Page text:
It wouldn't be a fiat currency.
fiat money: money without intrinsic value that is used as money because of government decree
(N. Gregory Mankiw (2014). Principles of Economics. p. 220. ISBN 978-1-285-16592-9)
No government decreed its people to use Bitcoin. Quite the contrary: One of Bitcoin's goals is to take control away from governments, whereas fiat currencies are a means of governments to achieve and maintain control over their peoples' funds.
You appear to mean to ask whether it's possible to distribute banknotes the value of which is backed by Bitcoin which is what I assume to be the question I'm responding to in my answer.
In principle, it's possible.
The banknotes have to be created by an entity which is:
- able to create banknotes which are hard to counterfeit and of which it's easy to spot a forged one.
- trusted to keeps its promises.
- predicted to last a long time.
The 1st point requires advanced knowledge about creating verifiable documents and the ability to keep secrets.
The second point adds the willingness to keep those secrets as well as the willingness to actually pay out money in Bitcoin if asked to and provided banknotes sufficient in value. This means that the entity has to have something to lose.
The 3rd point should be trivial. If the entity disappears after giving out the banknotes, people can't exchange them for Bitcoin.
As far as I can see, these requirements can only be met by states or large companies.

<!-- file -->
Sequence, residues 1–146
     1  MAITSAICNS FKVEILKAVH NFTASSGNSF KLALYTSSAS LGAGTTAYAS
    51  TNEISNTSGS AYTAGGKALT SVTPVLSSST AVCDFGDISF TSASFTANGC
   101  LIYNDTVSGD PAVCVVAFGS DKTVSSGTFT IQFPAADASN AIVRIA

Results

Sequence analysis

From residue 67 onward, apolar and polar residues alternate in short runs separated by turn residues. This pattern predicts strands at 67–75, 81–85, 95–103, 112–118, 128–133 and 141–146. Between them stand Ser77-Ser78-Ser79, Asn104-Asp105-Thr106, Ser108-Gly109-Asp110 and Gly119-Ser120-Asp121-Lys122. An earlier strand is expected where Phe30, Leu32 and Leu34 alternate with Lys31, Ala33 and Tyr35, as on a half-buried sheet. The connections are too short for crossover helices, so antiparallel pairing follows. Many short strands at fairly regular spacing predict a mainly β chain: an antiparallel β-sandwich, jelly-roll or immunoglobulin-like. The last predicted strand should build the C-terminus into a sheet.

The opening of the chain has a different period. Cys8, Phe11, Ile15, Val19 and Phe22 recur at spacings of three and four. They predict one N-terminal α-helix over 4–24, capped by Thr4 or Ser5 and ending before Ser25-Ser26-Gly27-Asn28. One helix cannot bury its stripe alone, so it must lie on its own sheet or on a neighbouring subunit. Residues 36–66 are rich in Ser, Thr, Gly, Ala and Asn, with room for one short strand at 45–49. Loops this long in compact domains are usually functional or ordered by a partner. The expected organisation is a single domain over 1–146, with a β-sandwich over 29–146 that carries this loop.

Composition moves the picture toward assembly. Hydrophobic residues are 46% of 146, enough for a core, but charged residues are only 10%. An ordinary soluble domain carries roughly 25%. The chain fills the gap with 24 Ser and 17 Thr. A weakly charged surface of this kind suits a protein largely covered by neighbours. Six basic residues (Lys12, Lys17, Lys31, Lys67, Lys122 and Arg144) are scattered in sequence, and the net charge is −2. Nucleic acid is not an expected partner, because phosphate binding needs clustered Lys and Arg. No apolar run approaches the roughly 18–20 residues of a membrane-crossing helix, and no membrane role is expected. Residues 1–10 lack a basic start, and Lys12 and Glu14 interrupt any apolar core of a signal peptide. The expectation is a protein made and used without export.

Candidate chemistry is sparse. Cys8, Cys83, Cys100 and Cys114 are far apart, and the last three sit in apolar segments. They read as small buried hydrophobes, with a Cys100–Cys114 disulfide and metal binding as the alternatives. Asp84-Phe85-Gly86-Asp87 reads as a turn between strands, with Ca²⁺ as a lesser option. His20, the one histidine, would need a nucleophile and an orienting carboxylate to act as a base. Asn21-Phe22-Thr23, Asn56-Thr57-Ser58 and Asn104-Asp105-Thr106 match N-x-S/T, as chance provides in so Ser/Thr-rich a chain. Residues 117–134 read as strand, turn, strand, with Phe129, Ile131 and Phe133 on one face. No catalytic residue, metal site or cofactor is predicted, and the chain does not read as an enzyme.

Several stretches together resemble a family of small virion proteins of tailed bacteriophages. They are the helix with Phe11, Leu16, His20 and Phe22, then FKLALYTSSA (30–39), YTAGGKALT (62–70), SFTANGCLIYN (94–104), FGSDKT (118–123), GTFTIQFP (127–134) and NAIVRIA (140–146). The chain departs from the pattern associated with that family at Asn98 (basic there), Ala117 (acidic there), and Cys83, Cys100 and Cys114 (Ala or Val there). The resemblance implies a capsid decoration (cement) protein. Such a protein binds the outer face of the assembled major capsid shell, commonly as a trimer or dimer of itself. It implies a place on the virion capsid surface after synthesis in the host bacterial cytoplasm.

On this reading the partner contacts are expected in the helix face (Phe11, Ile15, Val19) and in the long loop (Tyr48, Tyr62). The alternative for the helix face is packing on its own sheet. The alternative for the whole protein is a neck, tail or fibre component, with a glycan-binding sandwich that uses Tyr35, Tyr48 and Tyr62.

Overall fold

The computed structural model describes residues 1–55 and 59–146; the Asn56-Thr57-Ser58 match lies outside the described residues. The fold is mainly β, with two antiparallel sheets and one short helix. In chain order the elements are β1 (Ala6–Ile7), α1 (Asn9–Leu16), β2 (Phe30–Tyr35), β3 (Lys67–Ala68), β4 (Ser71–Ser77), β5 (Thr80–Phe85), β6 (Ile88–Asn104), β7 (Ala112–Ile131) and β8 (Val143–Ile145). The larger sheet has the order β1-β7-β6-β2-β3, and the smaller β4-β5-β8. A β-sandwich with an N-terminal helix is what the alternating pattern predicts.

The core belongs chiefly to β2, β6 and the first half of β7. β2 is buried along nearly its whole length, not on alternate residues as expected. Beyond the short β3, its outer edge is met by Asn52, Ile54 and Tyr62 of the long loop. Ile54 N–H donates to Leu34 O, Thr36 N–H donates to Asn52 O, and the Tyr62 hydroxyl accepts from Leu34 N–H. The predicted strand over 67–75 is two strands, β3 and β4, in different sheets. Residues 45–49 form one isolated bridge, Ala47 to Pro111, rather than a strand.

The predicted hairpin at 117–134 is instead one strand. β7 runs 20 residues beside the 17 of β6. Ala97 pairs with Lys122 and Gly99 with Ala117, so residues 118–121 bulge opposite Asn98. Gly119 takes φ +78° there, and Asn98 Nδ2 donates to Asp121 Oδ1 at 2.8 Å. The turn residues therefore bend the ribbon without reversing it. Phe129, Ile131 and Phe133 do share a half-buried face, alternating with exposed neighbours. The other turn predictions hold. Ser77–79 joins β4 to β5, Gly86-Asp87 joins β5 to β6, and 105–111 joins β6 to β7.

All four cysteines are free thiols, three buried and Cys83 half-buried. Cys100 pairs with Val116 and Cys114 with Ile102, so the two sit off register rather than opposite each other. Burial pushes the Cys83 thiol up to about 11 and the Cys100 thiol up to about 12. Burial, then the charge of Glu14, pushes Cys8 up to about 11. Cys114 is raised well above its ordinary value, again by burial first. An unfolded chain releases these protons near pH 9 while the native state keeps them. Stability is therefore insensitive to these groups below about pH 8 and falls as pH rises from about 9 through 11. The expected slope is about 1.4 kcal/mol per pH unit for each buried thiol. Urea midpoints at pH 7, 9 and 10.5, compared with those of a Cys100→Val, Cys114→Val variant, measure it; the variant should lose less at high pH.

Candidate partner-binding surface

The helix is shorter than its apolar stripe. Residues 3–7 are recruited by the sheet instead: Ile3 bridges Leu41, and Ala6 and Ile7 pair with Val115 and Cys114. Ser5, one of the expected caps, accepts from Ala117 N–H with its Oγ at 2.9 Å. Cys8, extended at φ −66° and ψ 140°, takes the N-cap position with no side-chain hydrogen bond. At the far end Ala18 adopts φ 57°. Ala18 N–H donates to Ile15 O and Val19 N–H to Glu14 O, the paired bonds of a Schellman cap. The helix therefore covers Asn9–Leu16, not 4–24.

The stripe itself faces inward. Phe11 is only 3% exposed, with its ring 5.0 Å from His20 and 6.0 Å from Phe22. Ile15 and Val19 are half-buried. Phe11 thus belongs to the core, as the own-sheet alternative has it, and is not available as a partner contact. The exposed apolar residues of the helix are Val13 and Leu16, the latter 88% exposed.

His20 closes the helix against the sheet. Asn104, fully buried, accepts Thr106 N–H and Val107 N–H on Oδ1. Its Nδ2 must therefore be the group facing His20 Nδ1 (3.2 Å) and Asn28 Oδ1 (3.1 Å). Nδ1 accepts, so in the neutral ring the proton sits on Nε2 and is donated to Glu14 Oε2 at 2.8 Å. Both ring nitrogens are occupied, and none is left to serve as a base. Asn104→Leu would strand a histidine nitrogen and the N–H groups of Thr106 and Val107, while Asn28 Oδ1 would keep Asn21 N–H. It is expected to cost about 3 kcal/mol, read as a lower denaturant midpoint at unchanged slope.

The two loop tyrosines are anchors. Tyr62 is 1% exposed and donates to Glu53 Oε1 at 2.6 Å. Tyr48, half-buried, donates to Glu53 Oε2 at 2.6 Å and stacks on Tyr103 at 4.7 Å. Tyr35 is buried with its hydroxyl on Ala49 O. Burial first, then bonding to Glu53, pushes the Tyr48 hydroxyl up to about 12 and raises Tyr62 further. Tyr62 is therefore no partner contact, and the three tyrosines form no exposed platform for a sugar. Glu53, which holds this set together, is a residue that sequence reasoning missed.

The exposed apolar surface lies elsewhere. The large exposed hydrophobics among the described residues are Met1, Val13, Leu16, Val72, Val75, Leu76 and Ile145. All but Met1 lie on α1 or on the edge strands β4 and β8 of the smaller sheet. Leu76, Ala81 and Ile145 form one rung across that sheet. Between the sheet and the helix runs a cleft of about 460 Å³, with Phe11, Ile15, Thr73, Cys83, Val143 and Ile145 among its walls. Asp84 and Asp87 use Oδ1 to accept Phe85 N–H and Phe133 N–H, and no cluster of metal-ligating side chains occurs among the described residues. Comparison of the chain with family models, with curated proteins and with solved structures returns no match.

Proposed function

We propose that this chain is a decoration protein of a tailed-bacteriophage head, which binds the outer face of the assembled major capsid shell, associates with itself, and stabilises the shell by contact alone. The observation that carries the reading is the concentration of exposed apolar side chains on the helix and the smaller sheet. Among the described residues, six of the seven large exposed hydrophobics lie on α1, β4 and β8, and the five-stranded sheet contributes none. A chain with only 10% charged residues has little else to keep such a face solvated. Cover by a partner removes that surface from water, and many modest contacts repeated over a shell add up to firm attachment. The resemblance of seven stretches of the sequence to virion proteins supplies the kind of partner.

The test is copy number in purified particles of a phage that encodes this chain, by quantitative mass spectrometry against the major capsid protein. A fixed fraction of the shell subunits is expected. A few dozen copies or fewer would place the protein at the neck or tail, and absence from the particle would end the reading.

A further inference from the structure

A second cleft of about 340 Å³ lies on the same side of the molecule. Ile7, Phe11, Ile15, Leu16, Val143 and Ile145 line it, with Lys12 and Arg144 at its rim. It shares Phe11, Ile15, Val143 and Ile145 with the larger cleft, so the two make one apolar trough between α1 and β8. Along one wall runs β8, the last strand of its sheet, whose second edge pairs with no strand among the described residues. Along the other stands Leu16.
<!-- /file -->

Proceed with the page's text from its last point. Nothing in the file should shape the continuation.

However, even though it's possible, fully backed banknotes are very unlikely to ever appear again. No matter whether they are backed by gold, Bitcoin, or anything else scarce. We live in a world where barely anything is backed. The credit a bank gives you not only isn't backed by some scarce good but also not even backed by banknotes lying in the bank's vault. Yet most people seem to be fine with this.
If people's attitudes shift to more critical thinking about money, of course, partially or fully backed banknotes become more plausible. Such banknotes can be backed by any scarce good. This scarce good very well can be Bitcoin which has great advantages over gold:
- It's easy to transfer.
- Reserves can easily be proven to exist without endangering them. And I mean actually to be proven to exist. Not just "Here is a video someone made 10 years ago, look at all those shiny gold bars we totally didn't put in there using CGI." or anything alike.
- Gold – which is a resource needed for to manufacture certain things (with far lower value than it's being currently traded for, though) – doesn't unnecessarily lie around in vaults.
- Its volume can't be inflated. There is a huge amount of gold in Earth's crust. If an easy way to mine it emerges, its available volume is greatly inflated, decreasing its value dramatically.